Head of the class 

State superintendent Denise Juneau's improbable rise is impossible to ignore

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But while the event is focused on International Women's Day, Juneau is more concerned with the day's developments in the state House of Representatives. Earlier, the House Appropriations Committee heard Juneau's budget pitch for funding Montana Public Schools. She's asking the legislature to invest $1.5 billion into the K-12 education system this session.

While mingling at the fundraiser, she mines lawmakers for more information about the fate of her request. She learns that efforts to trim her budget will likely be rolled out the following Monday. At one point she lingers in a corner of the room with first-term Democratic Rep. Kim Dudik of Missoula. The women attended the University of Montana School of Law together and Dudik now sits on the House Appropriations Committee that helps decide her budget's fate.

As the event comes to a close, Juneau almost collides with Gov. Steve Bullock in a doorway between the living room and dining room. After hearing from legislators all evening, Juneau expresses concern about where her budget stands and the upcoming vote.

click to enlarge Stan and Carol Juneau with their children, Ron and Denise. - PHOTO COURTESY OF DENISE JUNEAU
  • Photo courtesy of Denise Juneau
  • Stan and Carol Juneau with their children, Ron and Denise.

"I'll have a bad day on Monday, I think," Juneau tells the governor. "I'll call you about it."

Juneau is fiercely protective of her budget and passionate about her work as state superintendent. She says it was public education, after all, that helped set her on a path that would take her to Montana State University, Harvard, UM Law and eventually lead to stuffed mushrooms and fruit salad at the Governor's Mansion. As Juneau told Democratic National Convention delegates in September, "Teachers are sometimes the only ones who tell our children that they can go from an Indian reservation to the Ivy League."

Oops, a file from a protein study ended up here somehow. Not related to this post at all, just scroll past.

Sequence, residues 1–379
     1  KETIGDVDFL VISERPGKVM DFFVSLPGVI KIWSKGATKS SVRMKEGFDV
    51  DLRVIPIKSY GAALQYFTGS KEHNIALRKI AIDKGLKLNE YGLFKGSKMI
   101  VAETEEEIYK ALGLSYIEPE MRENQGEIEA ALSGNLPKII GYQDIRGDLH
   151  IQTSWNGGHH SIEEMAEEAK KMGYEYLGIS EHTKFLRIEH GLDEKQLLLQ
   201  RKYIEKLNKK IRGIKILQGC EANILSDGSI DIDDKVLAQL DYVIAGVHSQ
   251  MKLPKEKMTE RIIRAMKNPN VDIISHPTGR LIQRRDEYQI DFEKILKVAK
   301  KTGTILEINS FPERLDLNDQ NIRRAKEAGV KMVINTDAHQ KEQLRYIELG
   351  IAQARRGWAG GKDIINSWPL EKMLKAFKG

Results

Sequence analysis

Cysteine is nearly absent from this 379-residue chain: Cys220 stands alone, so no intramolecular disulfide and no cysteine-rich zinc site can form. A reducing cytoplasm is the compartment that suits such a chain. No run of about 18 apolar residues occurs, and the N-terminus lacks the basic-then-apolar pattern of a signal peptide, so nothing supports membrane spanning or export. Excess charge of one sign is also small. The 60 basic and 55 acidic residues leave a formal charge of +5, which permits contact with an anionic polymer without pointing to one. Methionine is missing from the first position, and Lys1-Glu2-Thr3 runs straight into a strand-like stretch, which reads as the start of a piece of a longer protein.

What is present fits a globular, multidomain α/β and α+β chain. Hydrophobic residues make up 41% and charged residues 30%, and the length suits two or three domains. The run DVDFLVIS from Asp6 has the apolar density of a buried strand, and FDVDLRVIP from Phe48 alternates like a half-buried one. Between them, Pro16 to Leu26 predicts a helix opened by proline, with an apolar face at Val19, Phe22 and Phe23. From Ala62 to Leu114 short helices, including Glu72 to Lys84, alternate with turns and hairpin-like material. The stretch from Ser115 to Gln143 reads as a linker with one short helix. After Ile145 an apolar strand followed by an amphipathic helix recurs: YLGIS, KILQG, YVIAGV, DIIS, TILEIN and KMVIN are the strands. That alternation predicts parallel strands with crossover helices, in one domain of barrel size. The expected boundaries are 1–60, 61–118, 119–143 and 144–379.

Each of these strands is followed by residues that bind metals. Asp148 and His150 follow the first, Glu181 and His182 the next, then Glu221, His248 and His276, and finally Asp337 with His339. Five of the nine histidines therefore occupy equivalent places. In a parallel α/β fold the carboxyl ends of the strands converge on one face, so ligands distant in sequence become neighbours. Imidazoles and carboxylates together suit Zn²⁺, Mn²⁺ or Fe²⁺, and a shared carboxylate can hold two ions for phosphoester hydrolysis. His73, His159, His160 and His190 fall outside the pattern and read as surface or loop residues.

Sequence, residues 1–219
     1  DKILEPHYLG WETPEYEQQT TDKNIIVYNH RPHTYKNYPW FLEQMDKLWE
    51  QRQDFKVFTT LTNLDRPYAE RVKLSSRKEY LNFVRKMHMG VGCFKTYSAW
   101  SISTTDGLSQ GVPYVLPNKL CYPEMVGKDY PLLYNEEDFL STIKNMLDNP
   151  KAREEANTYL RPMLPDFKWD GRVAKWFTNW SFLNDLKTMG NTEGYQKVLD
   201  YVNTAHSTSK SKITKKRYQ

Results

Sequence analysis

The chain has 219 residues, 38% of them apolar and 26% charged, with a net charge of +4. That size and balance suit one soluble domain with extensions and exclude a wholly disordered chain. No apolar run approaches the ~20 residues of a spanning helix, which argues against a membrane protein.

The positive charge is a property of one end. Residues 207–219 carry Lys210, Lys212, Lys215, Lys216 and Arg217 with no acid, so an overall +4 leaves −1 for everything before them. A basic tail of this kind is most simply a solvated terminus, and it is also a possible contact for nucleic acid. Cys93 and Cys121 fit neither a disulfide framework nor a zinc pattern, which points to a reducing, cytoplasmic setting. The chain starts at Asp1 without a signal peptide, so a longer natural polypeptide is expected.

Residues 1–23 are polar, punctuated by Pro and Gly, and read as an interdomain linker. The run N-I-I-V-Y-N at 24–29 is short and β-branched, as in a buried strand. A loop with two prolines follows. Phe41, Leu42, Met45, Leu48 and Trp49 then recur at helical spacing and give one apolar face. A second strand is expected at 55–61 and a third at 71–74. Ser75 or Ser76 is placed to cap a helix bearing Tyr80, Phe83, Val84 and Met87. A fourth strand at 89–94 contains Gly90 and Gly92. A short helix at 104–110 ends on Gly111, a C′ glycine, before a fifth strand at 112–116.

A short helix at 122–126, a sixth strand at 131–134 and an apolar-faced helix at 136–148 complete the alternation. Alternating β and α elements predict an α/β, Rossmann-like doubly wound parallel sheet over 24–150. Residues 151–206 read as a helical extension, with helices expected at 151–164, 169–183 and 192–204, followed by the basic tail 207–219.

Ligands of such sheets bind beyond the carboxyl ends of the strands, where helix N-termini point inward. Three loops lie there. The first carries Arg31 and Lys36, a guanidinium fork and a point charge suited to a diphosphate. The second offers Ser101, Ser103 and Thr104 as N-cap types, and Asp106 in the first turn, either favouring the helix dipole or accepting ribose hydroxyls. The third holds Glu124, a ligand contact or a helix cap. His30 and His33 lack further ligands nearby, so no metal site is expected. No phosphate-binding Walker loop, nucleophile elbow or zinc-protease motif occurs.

It's because of her personal history through public education that she so aggressively defends its funding. She admits that the issue causes her to lose her cool now and then, mostly when she feels that something is out of her control, like when lawmakers cut her budget. "Five minute rants, maybe, but then I'm done," Juneau says. "I have my little tantrum, and then I'm good."

The best example came during the 2011 legislative session as fiscal conservatives rolled out a budget proposal that moved to cut education spending. Juneau reacted strongly, and her colorful language was quoted throughout state media.

"I'm excited for them to wave the magic handkerchief and pull a rabbit out of the hat to come up with their vision for education," she was quoted as saying in the Billings Gazette. "Hopefully their rabbit may provide a plan. What I'm afraid of is the rabbit may not have an eye for a vision."

Juneau's Helena office now features a stuffed rabbit perched inside a black top hat. It was a gift from her staff.

Juneau's communication director, Allyson Hagen, chooses her words carefully when asked if her boss has a temper. "High expectations," Hagen says. "That's how I would describe it."

In 2011, Juneau's "high expectations" grabbed the nation's attention, when The New York Times reported that she was leading an "educational insurrection" against the federal government's unpopular No Child Left Behind Act, passed into law in 2002 by George W. Bush.

In April, Juneau had sent a protest letter to officials in Washington, D.C., decrying the "strict across the board, one-size-fits-all" mandates included in No Child Left Behind. As the Times reported, "Six weeks later, she hosted a meeting of school chiefs from 10 rural states and passed around her defiant letter. 'We're not asking for permission,' Ms. Juneau told the group. 'We're just telling them we won't raise our annual objectives this year.'"